Treasury faces grilling from MPs over 'derisory' £130m Google tax deal

Labour will call for an urgent statement into the agreement, which covers taxes owed by the internet giant since 2005

Google’s offices in Covent Garden. The chair of the Public Accounts Committee, Meg Hillier, said HMRC was ‘effectively admitting it pulled in too little tax from Google for nine out of 10 years'
Google’s offices in Covent Garden. The chair of the Public Accounts Committee, Meg Hillier, said HMRC was ‘effectively admitting it pulled in too little tax from Google for nine out of 10 years'

Treasury ministers are set to face questions on Monday over Google’s £130m tax deal with HM Revenue and Customs amid accusations that the settlement represents a fraction of its profits.

Labour will call for an urgent statement into the agreement, which covers taxes owed by the internet giant since 2005. Google is to hand over an extra payment of corporation tax “based on revenue from UK-based advertisers” and also promised to adopt a “new approach” to calculating its corporate tax bill.

The Chancellor, George Osborne, has described the deal as a breakthrough, and HMRC hopes it will be followed by similar agreements with internet giants. Facebook, which paid a meagre £4,327 in corporation tax in 2014, is among the companies under fire.

The shadow Chancellor, John McDonnell, has denounced the Google payment as “derisory” and is expected to be granted an urgent statement forcing a minister – likely to be David Gauke, the Financial Secretary – to the Commons.

Google executives and HMRC chiefs are also to be called before the Commons Public Accounts Committee to explain the calculation for the payment of back tax.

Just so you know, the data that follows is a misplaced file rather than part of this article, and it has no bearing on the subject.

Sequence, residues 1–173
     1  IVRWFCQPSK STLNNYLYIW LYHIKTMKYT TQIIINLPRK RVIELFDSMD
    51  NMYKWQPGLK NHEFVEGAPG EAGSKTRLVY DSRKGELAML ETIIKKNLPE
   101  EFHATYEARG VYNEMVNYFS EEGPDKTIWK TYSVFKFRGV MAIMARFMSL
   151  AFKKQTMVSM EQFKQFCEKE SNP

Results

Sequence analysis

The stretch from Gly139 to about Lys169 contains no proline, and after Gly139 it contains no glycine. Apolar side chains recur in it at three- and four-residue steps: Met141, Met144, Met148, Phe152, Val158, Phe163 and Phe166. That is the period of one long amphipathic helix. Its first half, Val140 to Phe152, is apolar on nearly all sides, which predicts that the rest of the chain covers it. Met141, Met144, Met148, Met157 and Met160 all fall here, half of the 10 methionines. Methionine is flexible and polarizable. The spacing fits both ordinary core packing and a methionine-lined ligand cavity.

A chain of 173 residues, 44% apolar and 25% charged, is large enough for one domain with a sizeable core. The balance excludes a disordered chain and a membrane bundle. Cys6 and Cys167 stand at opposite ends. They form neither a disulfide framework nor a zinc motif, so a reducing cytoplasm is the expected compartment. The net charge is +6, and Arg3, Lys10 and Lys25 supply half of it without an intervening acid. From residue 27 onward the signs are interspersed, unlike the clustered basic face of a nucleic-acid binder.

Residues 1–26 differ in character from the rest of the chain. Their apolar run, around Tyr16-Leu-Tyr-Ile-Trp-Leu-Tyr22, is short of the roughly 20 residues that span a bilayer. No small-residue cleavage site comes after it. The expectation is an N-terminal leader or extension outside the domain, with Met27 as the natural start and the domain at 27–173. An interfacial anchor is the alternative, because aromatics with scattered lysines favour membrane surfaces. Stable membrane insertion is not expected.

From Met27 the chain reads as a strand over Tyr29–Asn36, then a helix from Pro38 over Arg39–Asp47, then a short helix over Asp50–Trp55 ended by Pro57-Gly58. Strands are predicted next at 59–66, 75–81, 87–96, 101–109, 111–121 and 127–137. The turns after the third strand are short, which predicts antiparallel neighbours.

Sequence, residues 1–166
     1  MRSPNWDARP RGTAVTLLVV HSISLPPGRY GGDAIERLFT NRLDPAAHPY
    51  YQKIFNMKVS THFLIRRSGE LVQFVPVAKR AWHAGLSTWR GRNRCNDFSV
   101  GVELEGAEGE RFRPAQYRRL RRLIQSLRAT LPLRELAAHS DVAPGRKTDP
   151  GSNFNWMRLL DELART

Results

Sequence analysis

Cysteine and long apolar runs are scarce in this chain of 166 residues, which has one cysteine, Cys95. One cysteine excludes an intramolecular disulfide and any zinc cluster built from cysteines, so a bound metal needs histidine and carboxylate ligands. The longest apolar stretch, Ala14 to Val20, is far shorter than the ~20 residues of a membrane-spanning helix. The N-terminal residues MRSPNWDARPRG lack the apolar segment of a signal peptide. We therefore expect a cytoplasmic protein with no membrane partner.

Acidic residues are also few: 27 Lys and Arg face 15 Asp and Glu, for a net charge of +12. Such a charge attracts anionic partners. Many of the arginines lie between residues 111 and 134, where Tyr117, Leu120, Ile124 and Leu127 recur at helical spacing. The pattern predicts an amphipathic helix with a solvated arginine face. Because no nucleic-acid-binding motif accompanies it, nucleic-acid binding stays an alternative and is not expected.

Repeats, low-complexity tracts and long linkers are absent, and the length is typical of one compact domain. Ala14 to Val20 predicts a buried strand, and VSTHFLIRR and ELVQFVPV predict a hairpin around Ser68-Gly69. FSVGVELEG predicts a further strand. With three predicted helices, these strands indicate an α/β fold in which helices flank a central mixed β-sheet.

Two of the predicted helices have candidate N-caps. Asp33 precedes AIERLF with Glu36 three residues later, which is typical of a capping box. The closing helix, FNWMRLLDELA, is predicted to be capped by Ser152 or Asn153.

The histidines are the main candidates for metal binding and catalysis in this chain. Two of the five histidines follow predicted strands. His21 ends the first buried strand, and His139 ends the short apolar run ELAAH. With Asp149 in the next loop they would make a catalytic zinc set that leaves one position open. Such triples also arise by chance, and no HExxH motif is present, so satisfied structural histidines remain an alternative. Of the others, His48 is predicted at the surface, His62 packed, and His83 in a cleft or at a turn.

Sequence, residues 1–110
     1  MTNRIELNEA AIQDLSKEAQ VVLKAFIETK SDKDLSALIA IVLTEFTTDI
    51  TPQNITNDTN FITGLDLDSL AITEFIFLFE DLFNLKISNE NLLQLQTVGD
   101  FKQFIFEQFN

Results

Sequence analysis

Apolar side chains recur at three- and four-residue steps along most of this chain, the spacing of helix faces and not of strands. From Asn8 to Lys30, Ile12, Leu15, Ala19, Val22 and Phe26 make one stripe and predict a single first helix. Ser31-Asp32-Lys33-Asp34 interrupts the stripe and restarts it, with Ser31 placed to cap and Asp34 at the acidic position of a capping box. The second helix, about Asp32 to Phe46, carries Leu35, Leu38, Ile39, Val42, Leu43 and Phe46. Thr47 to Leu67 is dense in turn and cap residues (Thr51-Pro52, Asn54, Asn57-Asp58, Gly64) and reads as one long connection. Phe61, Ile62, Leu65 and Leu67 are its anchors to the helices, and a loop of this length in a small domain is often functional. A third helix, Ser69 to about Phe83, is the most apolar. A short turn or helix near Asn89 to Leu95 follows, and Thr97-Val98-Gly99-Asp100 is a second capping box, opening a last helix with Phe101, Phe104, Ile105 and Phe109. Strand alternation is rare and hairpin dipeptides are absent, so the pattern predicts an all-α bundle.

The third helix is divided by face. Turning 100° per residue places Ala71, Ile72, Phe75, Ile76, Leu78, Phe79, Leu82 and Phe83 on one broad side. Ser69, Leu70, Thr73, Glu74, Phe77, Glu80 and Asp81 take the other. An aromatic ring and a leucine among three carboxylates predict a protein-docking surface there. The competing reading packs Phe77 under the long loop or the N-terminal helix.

Its chair, Meg Hillier, said: “We were shocked to learn of workarounds of the tax system that were considered normal behaviour by big corporations but which appalled the individual taxpayer.

“HMRC now needs to assure taxpayers that it will keep up the pressure to tackle whatever the next emerging issue is in real time, rather than years later. It is effectively admitting it pulled in too little tax from Google for nine out of 10 years.”

MPs have also called for the deal to be examined by the public spending watchdog, the National Audit Office.

Mr Gauke has accused Labour of “select amnesia” and “shameless hypocrisy” as the Google tax bill dates back to the middle of the last Labour government.

In his March 2015 budget, Mr Osborne announced the introduction the following month of a so-called “Google tax” targeting companies judged to move profits overseas artificially as a way of limiting their tax liability.

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